It’s a wonder seeing a starting pitcher winless this far into the season. After 13 or 14 starts, one would expect several wins, losses, and no decisions from them. When you’re paying a guy over $7 million to pitch for your team, you expect a few wins, especially if your team’s in first place.

The Baltimore Orioles feel this way about Kevin Millwood, certainly. He has 14 appearances, a 5.16 ERA, an 0-8 record, and leads the American League in home runs and hits allowed. It could be that his career is nearing his end.

He’s not the hard-luck pitcher of 2005, but a battered down shell of himself.

Atlanta Braves pitcher Kenshin Kawakami, on the other hand, could be the new heir to the hard luck crown, or an absolute joke, depending on one’s view.

He currently has an 0-9 record, a 4.42 ERA, 25 walks, 50 strikeouts, and a WHIP of 1.418  in 13 games. Most of those stats look like ones from your typical 4th or 5th starter, except for that first one.

In Kawakami’s case, should he really be winless this far into the season? That answer is a resounding no. Atlanta’s 3-10 when he starts, which isn’t good by any means, but let’s look at those three wins:

May 14 vs. Arizona—Four runs, three earned in 4.1 innings. The Braves won thanks to a two-run ninth, 6-5, so no credit to Kawakami there.

May 19 vs. Cincinnati—Kawakami threw six shutout innings with five strikeouts, but the Reds scored eight runs in the eighth to tie the game and give Kawakami the no decision. He would have gotten the win if not for a rare bad performance by Takashi Saito.

June 9 vs. Arizona—Same story. Six shutout innings, eight K’s, but no run support until the eighth inning. Should have a win.

So Kawakami should have at least two wins in those shutouts. Does he deserve the losses he has though? He gave up at least three runs in each of those losses, so I can’t write any of them off.

A 2-9 record is nonetheless still quite poor, and still keeps him in the company of Wandy Rodriguez and Charlie Morton, both of whom have nine losses, though they have wins at least.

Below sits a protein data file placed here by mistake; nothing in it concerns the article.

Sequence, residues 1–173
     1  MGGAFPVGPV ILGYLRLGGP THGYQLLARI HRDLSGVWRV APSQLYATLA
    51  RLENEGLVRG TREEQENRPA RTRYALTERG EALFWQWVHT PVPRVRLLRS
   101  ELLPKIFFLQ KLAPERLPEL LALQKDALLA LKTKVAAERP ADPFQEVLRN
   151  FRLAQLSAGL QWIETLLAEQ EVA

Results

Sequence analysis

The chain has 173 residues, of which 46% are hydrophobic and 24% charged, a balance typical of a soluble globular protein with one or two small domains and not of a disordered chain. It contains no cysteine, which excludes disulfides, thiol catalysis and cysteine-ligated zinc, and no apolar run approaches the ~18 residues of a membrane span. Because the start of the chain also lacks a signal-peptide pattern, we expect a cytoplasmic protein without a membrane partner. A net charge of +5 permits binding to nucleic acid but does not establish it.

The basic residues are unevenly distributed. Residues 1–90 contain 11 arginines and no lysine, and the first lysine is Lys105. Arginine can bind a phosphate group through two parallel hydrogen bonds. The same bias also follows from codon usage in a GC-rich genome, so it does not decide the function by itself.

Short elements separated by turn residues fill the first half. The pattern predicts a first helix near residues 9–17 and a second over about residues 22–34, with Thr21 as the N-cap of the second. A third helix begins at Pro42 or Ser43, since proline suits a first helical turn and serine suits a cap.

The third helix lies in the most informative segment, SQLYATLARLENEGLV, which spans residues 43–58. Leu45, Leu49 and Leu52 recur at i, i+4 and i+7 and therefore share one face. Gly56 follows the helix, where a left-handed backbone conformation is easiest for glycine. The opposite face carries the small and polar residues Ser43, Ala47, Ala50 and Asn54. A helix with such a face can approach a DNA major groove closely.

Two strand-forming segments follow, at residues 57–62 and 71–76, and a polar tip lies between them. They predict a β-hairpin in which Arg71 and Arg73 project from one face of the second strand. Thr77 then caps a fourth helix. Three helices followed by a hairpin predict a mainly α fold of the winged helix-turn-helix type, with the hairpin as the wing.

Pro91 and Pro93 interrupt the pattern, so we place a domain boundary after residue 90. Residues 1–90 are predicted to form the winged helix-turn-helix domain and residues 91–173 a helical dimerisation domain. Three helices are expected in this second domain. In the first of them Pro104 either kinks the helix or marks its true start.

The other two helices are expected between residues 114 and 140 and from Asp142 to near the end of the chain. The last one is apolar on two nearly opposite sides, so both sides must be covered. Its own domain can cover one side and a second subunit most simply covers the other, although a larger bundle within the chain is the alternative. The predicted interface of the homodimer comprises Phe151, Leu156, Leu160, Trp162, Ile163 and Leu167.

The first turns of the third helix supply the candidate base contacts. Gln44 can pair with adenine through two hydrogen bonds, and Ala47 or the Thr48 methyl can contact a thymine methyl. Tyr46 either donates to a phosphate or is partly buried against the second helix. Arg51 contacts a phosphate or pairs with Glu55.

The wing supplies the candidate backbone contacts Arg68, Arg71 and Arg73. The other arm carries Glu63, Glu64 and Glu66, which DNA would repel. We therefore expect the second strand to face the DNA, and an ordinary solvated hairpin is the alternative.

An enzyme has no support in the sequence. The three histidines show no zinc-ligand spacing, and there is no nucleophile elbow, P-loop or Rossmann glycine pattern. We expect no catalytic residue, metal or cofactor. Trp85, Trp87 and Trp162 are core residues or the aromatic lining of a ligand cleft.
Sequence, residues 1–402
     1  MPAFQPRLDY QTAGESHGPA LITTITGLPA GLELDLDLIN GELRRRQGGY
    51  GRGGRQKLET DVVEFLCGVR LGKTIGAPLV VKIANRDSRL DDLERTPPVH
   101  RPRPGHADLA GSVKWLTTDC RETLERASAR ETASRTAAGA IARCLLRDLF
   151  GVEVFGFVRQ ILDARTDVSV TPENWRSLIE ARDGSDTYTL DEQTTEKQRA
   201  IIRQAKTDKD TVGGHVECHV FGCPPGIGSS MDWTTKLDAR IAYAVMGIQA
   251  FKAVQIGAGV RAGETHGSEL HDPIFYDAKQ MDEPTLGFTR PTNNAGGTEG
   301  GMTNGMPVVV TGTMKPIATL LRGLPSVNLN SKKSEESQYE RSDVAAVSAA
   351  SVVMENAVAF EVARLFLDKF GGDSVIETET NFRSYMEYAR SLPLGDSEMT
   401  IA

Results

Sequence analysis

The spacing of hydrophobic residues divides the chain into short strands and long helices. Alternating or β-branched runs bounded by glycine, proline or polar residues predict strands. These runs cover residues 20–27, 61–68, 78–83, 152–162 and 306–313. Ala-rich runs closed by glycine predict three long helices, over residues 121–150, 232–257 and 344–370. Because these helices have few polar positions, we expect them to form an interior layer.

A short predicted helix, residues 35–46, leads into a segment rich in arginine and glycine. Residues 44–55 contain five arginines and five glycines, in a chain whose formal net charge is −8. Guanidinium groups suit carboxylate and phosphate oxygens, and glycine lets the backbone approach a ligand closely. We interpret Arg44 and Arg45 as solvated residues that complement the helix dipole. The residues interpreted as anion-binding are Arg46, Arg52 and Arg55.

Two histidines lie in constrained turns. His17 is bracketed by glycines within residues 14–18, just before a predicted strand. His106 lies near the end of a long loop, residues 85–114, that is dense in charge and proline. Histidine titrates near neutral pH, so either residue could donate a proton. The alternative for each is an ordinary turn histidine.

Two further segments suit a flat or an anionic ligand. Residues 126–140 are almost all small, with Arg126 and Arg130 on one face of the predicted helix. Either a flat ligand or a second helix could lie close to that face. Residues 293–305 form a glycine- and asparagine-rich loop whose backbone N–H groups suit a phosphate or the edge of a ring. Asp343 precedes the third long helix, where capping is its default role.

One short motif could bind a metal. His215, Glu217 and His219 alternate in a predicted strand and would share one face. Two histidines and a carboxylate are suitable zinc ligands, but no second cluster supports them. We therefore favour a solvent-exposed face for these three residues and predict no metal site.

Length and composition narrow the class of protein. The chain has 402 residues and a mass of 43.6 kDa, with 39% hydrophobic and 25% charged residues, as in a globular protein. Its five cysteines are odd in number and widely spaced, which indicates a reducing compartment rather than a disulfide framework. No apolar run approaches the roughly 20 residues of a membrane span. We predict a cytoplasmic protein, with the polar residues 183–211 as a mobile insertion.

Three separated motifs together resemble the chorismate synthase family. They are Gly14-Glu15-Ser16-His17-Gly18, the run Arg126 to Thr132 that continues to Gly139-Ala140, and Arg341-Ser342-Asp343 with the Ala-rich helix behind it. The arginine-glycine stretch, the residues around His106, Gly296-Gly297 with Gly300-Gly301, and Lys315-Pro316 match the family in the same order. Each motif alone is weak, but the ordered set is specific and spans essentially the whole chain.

Kawakami’s other stats also seem to support the hard-luck theory. He’s not in the top 10 NL pitchers in any bad categories (hits allowed, earned runs, wild pitches, etc.) and his WAR is a very average 0.0. In fact, his WAR, ERA+, and WHIP are all better, albeit slightly, than fellow Braves’ pitcher Derek Lowe, who is sitting pretty with an 8-5 record.

To argue the side of him being bad though, he needs to keep the earned runs down if he wants to win. If he allows three earned and the Braves lose, 3-2, then oh well, he should’ve allowed fewer. Furthermore, he has one very concerning stat: He has never finished out the seventh inning, and five times he failed to make it past the fifth.

It’s hard to win a game when you don’t pitch a good deal of it.

Nonetheless, I’m going to fall into the camp that thinks Braves’ fans need to give the guy a break. He’s not pitching all that well, but he’s not terrible. Some teams would love to have him. I’m sure the Orioles would trade Millwood for him, and the Pirates could use a decent starter (Never said they were good teams).

It’s difficult to think of a pitcher for a first place team as hard-luck, but if anyone falls under that umbrella besides Zack Greinke, it’s Kawakami. He allows some earned runs, but they’re few enough that Heyward or Prado should be able to knock a few runs in for him.

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